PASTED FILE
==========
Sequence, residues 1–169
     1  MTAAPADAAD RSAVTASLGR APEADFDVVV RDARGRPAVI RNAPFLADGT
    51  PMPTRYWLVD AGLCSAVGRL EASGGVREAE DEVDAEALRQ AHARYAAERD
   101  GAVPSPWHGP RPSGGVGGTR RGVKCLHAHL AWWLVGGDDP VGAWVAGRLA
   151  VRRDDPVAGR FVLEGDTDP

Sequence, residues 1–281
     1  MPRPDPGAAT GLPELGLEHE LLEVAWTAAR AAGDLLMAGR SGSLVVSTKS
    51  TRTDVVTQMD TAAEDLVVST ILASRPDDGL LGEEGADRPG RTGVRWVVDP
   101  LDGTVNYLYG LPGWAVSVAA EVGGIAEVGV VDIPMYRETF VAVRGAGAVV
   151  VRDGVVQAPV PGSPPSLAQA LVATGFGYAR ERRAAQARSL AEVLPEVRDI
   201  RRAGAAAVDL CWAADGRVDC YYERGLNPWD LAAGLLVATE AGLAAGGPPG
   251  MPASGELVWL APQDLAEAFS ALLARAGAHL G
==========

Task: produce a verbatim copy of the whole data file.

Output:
Sequence, residues 1–169
     1  MTAAPADAAD RSAVTASLGR APEADFDVVV RDARGRPAVI RNAPFLADGT
    51  PMPTRYWLVD AGLCSAVGRL EASGGVREAE DEVDAEALRQ AHARYAAERD
   101  GAVPSPWHGP RPSGGVGGTR RGVKCLHAHL AWWLVGGDDP VGAWVAGRLA
   151  VRRDDPVAGR FVLEGDTDP

Sequence, residues 1–281
     1  MPRPDPGAAT GLPELGLEHE LLEVAWTAAR AAGDLLMAGR SGSLVVSTKS
    51  TRTDVVTQMD TAAEDLVVST ILASRPDDGL LGEEGADRPG RTGVRWVVDP
   101  LDGTVNYLYG LPGWAVSVAA EVGGIAEVGV VDIPMYRETF VAVRGAGAVV
   151  VRDGVVQAPV PGSPPSLAQA LVATGFGYAR ERRAAQARSL AEVLPEVRDI
   201  RRAGAAAVDL CWAADGRVDC YYERGLNPWD LAAGLLVATE AGLAAGGPPG
   251  MPASGELVWL APQDLAEAFS ALLARAGAHL G